Tuesday, March 03, 2015

In Search Of The Hot Trendy Cafe

Some cafes I go to are hot and trendy. All the right people go there. Writers, young people, students, professionals, runners--it's a hot crowd. But other cafes are deserted, except a few bums and some scary people--the wrong people or a "cold" cafe. These two disparate cafes could be one block apart. I've seen it in many places.

So why is one cafe a roaring success but the other can't buy customers? If I were the owner, wouldn't I want a hot cafe, rather than one that is ice cold and doomed to failure? What would I do to guarantee mine became a hot cafe?


Some attributes of a successful cafe seem obvious:

  • Brand Name
Popular cafes such as Starbucks, Panera, Dunkin Donuts, or local cafes with positive name recognition

  • Location
Upscale neighborhoods without slums or boarded up properties

  • Clientele
Urban professionals, yuppies, writers, artists, the kind of people everyone wants to interact with and become friends. Desirable people attract more of the same. New customers see at a glance who is in there and who isn't. It makes a difference. If they don't who they see, they aren't staying and they aren't coming back.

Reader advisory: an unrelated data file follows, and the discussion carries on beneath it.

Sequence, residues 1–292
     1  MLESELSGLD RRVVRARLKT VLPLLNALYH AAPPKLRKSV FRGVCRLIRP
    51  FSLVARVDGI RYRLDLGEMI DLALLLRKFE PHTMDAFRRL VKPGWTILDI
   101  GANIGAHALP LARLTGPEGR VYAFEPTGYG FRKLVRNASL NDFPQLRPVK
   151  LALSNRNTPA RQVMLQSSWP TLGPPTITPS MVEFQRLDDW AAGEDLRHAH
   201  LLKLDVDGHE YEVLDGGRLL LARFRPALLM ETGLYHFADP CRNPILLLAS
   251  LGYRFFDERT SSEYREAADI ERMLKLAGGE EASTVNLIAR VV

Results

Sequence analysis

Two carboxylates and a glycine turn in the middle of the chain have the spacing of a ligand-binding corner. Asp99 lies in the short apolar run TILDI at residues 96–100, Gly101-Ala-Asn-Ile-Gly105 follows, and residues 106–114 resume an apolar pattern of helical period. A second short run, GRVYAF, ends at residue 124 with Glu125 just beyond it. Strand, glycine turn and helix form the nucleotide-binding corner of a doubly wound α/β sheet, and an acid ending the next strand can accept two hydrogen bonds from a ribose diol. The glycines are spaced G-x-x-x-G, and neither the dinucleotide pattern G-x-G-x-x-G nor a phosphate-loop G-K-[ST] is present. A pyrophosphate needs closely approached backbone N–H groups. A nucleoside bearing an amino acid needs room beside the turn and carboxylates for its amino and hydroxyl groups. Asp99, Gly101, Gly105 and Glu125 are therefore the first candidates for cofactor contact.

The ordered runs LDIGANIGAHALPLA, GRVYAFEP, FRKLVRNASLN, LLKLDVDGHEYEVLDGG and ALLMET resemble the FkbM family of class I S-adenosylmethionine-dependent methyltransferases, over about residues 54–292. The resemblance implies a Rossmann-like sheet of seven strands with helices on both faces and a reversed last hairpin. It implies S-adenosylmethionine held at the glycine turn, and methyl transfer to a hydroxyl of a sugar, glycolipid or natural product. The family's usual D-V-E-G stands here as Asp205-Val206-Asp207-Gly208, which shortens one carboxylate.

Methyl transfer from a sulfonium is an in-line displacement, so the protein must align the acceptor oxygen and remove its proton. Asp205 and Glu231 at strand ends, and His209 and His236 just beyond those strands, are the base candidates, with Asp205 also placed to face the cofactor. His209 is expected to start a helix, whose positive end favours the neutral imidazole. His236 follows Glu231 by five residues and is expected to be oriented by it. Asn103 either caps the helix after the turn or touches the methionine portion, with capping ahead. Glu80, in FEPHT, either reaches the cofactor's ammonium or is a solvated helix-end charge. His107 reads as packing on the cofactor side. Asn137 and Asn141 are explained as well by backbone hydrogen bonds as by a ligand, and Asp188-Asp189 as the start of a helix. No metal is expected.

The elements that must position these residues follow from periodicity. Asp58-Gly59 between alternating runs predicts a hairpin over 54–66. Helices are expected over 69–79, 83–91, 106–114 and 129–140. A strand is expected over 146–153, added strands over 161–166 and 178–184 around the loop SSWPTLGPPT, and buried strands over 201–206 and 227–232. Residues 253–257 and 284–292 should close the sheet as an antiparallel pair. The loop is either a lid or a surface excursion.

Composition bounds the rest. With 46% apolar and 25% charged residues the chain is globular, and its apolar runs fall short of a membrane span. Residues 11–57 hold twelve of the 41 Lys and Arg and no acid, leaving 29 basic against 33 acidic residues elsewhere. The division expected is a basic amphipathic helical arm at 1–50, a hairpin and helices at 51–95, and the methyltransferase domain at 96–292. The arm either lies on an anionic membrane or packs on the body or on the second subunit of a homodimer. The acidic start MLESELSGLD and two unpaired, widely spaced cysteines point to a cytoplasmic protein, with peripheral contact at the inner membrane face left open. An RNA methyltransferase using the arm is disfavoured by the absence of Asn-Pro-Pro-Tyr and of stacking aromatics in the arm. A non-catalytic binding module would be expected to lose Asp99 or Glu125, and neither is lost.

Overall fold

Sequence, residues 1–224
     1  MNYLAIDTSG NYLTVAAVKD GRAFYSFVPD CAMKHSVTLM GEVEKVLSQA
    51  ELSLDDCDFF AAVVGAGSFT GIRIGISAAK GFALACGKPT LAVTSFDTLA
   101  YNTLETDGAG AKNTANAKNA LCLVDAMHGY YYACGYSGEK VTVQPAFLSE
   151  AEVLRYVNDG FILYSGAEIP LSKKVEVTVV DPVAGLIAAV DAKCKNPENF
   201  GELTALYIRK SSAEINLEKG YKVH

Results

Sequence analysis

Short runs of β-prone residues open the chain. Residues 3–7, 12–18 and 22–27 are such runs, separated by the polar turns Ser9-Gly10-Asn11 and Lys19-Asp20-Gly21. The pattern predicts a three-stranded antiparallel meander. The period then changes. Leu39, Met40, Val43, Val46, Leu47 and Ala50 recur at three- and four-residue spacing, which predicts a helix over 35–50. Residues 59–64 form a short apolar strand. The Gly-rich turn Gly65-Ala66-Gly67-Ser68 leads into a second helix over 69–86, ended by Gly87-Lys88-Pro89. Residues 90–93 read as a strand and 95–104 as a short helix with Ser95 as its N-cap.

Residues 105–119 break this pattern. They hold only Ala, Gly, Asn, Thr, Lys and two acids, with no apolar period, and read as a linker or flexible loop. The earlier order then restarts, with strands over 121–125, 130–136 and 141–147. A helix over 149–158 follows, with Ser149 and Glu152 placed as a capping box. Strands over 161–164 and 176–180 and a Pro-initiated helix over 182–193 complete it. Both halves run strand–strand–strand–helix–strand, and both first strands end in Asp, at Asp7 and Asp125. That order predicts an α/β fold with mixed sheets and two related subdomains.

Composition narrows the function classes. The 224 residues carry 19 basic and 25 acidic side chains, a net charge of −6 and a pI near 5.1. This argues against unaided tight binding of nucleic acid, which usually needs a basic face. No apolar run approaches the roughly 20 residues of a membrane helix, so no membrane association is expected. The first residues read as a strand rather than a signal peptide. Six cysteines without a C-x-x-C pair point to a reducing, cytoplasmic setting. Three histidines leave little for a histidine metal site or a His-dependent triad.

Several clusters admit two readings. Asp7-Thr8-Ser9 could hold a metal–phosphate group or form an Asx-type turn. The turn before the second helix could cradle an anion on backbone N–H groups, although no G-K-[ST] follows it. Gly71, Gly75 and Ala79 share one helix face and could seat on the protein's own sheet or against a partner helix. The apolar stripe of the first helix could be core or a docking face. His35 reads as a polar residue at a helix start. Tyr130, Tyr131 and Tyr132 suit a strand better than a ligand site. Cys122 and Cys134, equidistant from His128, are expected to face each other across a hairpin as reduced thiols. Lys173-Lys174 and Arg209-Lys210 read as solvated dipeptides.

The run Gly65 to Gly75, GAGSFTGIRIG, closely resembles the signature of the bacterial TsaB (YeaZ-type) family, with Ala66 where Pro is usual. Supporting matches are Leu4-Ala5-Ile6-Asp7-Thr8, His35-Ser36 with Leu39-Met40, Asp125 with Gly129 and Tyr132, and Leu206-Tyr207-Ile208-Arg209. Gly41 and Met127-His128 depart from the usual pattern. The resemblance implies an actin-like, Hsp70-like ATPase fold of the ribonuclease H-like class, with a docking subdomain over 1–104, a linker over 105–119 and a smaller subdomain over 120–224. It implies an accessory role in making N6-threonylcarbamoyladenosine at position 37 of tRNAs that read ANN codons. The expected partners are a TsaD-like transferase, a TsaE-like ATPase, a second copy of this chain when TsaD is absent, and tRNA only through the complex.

• Menu
At least the standard selection of coffees, lattes, frappuccinos, and teas. Breakfast and lunch sandwiches. Desserts.

  • Reputation
A national chain already has a reputation, local cafes can be thought of as desirable destinations or places to avoid. Word of mouth and review websites like Yelp.com contribute, either positive or negative.

  • Customer Seating Environment
Some cafes provide few seats and see themselves as take-out restaurants. Others will offer the standard round tables and wooden chairs, while others have couches and easy chairs.

  • Lack of "Scary" Loiterers
Addition by subtraction. A lack of bums and loiterers always helps. Many potential customers, especially women, tend to avoid those places where suspicious people linger and the bums have taken over. I suspect it's tough to discourage bums from staying without running afoul of local laws and such. The wrong people can destroy a café and put it out of business, so why wouldn't I want to attract the right customers and discourage the wrong ones?

I’m unconvinced some café managers think of these things. It's as if they think there's nothing they can do, and the success or failure of their cafe is in the hands of Fate. But if I’m looking out for “what’s best for business,” these success factors listed above have to be primary concerns of mine.

And as a customer, I need a lot of these things if I'm going to decide to come in on a regular basis with my keyboard and write.

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